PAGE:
The Great Eastern.

As the new millennia dawned, The Delgados returned with what was their Magnus Opus, The Great Eastern. It was produced by American producer Dave Fridmann, who previously, had worked with Mercury Rev and The Flaming Lips. Now he turned his attention to The Delgados, and played his part in a career-defining album.

Released in 2000, the title referenced a famous Glasgow landmark, a one-time textile mill that in 2000, was home to the city’s homeless. However, for a generation of music lovers, The Great Western meant The Delgados’ third, and best album. Critics agreed.

When the critics had their say, they hailed The Great Western The Delgado’s finest hour. Elements of folk and indie rock combined on The Great Western, a dreamy, sometimes elegiac, minimalist and thoughtful opus. Everything it seemed, had been leading up to The Great Western. The Delgados were hot property. However, things got even better for The Delgados.

American Trilogy reached sixty-one on the UK charts. Then when the end of year awards were announced, The Great Western won prizes galore. The Spirit Of Scotland Award, the Nordoff-Robbins Best Newcomer Award and Jockrock Tartan Cleft Award. Then The Great Western was nominated for the Mercury Music Prize. For Emma Polock and the rest of The Delgados, 2000 had been the most successful year of their six year career.



Following up a career-defining album is never easy for a band. That’s been the case throughout musical history. That was the case for The Delgados. The Great Western was their finest hour, and nowadays, is regarded as one of the greatest Scottish albums. However, The Delgados were determined to produce another award winning album. 

The four Delgados returned to the studio with producer Dave Fridmann. Over the next few months, they recorded what became Hate. This time around, Dave Fridmann who had worked with the Flaming Lips, seems to use them as a template. This was noticed by critics.

Unlike previous Delgados albums, Hate was released on the Mantra label in October 2002. Reviews of Hate were mostly positive. A few critics even compared Hate to The Flaming Lips 1999 album The Soft Bulletin. That wasn’t surprising.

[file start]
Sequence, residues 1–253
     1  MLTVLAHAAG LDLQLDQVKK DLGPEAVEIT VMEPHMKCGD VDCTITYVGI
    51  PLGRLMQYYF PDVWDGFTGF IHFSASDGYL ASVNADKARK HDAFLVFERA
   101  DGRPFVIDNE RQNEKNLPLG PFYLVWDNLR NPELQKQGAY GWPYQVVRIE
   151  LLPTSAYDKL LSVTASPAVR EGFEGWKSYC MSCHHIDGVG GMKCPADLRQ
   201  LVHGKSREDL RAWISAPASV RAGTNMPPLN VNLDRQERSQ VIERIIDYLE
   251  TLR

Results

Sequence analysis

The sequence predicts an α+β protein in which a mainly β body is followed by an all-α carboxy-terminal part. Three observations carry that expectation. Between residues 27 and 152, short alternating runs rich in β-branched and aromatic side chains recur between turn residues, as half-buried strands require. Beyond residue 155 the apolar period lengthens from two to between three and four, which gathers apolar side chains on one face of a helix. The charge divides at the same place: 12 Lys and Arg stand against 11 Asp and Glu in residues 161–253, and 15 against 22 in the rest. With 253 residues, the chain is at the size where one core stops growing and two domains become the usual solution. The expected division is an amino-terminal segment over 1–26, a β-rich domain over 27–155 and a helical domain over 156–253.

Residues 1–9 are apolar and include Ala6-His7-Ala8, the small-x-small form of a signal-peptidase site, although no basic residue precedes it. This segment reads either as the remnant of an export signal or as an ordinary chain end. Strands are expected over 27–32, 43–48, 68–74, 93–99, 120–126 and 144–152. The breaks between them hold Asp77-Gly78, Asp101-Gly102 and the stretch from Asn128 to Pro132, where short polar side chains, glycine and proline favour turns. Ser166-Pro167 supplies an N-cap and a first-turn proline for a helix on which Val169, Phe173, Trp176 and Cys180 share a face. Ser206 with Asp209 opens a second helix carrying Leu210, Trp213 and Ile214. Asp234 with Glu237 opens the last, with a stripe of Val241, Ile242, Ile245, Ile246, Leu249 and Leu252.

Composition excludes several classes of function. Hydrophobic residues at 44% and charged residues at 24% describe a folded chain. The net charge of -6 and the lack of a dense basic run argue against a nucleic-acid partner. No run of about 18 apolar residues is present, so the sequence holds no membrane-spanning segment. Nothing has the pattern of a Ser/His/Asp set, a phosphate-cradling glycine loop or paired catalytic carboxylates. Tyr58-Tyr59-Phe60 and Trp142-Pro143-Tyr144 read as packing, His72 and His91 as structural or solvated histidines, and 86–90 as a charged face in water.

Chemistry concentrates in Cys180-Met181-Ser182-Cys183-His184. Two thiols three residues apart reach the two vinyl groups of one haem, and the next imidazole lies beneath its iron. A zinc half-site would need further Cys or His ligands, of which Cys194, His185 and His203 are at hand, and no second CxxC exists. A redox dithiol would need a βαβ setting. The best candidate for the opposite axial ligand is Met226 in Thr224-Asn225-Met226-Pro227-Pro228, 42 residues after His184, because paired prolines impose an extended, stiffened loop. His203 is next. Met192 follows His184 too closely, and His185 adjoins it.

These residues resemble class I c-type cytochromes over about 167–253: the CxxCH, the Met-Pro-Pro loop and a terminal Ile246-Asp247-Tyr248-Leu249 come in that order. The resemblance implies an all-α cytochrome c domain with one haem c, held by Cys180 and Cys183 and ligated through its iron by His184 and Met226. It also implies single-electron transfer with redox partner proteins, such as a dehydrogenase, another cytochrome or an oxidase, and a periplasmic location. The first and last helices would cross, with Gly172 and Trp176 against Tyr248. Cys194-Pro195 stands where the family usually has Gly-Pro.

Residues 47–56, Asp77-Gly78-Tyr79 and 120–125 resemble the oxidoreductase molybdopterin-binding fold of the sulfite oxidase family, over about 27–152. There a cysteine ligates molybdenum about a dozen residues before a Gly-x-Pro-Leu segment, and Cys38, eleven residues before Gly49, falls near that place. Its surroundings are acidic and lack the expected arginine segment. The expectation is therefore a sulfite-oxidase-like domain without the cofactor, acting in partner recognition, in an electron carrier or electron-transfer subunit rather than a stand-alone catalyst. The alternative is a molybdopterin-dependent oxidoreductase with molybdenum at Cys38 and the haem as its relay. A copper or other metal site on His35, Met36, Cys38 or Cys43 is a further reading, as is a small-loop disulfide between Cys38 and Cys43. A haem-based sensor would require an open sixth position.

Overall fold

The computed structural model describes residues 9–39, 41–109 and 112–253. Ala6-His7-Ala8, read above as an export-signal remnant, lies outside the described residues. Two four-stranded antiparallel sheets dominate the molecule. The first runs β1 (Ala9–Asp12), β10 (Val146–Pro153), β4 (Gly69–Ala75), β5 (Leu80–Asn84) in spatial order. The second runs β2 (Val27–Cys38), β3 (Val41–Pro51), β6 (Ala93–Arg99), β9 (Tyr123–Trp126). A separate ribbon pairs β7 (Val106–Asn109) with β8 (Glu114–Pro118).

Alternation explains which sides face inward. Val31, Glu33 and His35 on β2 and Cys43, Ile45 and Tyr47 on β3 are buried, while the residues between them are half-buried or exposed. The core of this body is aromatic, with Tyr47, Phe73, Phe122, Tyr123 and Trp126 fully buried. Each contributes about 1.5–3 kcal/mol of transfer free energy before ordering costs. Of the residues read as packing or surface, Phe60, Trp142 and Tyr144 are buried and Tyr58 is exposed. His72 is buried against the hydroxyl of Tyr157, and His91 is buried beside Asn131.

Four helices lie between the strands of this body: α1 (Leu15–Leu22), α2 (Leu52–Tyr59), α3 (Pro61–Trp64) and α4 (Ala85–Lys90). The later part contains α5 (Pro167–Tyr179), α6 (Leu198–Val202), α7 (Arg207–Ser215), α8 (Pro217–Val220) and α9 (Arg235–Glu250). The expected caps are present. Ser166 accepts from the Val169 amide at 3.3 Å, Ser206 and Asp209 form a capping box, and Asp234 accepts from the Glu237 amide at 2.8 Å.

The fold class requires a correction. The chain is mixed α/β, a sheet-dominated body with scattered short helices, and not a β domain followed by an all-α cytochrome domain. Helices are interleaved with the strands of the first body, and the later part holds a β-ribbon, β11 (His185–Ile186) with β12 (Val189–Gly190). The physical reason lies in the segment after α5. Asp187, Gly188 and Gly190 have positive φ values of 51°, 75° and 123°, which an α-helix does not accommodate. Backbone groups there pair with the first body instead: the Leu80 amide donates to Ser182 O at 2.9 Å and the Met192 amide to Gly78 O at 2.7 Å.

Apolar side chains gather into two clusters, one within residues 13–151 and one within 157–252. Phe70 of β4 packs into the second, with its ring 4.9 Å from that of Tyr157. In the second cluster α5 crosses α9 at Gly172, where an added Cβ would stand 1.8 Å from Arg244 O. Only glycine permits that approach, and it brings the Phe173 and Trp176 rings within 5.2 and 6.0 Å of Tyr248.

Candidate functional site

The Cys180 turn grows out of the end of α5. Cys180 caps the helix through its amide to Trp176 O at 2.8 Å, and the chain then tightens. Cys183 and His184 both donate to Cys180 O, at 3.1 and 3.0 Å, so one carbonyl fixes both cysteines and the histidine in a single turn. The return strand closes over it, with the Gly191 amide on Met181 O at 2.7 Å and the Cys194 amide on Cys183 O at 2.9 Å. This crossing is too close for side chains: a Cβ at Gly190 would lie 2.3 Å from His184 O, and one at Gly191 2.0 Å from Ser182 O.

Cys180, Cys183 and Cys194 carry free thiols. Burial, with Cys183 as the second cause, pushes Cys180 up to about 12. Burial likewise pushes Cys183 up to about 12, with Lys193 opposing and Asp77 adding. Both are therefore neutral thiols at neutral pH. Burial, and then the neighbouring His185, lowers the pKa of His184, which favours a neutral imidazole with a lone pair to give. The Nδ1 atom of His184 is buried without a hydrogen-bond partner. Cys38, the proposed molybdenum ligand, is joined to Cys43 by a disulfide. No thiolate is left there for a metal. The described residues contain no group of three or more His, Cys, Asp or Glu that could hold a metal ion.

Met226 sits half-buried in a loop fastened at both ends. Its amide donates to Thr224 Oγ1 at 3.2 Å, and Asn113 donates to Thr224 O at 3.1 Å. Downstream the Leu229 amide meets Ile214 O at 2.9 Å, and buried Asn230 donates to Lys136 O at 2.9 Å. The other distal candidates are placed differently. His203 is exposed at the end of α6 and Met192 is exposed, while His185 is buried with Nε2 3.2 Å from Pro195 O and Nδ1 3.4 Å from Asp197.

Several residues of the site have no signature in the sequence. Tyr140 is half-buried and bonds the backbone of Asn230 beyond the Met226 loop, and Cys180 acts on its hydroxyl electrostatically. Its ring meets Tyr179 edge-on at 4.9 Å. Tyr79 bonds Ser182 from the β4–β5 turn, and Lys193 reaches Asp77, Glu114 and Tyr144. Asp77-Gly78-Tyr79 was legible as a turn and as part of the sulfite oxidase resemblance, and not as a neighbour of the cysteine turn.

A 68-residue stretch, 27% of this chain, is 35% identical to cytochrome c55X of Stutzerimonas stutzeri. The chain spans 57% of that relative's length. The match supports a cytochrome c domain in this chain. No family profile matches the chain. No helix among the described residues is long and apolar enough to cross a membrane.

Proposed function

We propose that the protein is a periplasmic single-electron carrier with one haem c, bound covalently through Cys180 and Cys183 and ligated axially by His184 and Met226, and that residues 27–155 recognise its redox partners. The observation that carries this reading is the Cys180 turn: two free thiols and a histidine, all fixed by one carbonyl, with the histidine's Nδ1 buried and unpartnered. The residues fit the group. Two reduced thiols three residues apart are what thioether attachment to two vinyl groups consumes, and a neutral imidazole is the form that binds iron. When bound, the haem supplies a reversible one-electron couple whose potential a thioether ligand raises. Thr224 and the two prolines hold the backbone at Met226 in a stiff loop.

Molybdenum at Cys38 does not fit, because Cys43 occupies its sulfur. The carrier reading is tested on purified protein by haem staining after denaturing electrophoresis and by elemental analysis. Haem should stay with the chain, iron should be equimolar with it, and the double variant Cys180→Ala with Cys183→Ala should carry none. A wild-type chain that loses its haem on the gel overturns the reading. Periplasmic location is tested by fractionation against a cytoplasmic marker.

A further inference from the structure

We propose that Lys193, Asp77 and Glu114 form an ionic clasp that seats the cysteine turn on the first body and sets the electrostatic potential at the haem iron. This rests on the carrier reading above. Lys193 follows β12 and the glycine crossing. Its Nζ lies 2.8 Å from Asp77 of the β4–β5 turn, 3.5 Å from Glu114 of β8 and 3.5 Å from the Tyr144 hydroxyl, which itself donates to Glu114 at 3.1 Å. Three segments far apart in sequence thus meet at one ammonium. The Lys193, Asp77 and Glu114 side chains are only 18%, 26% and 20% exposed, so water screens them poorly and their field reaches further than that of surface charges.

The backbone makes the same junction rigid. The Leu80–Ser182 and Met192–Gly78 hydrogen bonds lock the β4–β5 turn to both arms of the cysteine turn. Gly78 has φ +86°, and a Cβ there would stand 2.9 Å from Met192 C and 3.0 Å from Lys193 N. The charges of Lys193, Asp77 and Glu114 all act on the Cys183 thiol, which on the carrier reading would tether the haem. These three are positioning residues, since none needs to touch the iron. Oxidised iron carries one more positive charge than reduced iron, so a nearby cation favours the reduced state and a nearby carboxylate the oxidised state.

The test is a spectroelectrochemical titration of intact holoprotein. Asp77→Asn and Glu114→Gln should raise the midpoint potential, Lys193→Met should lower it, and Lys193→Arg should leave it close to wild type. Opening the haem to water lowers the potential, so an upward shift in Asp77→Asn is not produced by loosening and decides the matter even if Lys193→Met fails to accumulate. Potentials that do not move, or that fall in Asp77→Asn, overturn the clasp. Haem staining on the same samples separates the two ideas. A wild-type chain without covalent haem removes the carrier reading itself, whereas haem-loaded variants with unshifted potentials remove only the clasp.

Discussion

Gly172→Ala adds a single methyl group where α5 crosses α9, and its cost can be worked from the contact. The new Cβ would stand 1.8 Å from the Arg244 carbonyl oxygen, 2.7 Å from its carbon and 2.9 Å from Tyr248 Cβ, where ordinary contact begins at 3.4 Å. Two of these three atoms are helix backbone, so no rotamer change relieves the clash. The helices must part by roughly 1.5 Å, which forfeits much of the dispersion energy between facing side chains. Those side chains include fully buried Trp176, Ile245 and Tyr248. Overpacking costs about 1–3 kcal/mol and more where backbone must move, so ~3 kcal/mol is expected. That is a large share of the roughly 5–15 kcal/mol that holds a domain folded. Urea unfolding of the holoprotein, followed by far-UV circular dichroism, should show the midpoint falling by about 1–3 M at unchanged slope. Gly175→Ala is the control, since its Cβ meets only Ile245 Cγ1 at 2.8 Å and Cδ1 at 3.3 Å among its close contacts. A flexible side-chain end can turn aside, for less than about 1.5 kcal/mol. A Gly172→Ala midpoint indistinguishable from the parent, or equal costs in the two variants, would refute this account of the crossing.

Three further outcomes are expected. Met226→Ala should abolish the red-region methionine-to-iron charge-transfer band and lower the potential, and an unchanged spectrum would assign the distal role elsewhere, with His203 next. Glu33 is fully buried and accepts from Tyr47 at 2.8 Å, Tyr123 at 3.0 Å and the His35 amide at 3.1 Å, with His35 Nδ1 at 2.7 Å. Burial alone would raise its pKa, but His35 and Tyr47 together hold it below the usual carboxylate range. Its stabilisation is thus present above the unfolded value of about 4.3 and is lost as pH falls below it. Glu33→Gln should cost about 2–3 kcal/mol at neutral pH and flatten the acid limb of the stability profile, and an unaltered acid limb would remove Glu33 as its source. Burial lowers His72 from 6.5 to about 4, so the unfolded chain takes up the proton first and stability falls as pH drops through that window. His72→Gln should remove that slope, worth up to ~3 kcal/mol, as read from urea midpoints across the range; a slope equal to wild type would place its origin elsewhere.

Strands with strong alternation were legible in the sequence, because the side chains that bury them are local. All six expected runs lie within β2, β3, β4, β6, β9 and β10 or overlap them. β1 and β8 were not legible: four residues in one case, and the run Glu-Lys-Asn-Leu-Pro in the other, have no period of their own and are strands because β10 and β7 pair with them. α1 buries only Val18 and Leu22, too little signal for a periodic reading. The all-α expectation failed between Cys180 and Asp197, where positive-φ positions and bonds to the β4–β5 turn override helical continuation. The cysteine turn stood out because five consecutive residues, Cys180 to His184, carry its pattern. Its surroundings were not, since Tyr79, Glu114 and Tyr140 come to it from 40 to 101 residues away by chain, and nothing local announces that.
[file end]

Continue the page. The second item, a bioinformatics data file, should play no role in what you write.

Both albums had been produced by Dave Fridmann. His star was in the ascendancy. Despite that, Hate didn’t quite receive the same critical acclaim as The Great Western had. Normally, this would’ve been disappointing. However, that was almost expected. The Great Western had been The Delgados’ Magnus Opus. Most groups never reach the same heights as The Great Western, never mind releasing a quartet of successful albums. Soon, four would become five. 


Universal Audio.

For The Delgados’ fifth album, they decided to change direction. Dave Fridmann didn’t return for a third time. Instead, Tony Doogan, who had worked with Mogwai, co-produced what became Universal Audio with The Delgados.

It was recorded at Chem 19, Chemikal Underground’s own recording studio. Universal Audio was a much more understated album. Gone was the orchestral sound of previous albums. The Delgados seemed to be reinventing their music. The did this with the help of Belle and Sebastian’s Stevie Jackson and Mother and The Addicts. Once Universal Audio was complete, it was released in September 2004.

Reviews of Universal Audio ranged from positive to critically acclaimed. Mostly, critics embraced the new Delagados. So did record buyers, when the album was released. When they bought Universal Audio, little did they realise it would be The Delgados swan-song.

Eight months after the release of Universal Audio, came the shock news that The Delgados were splitting up. Alan Henderson had announced that he was leaving the band. Rather than seek a replacement, The Delgados called time on their career, but continued to run Chemikal Underground. However, two former members of The Delgados embarked on solo careers, Alun Woodward and Emma Pollock.


The Solo Years.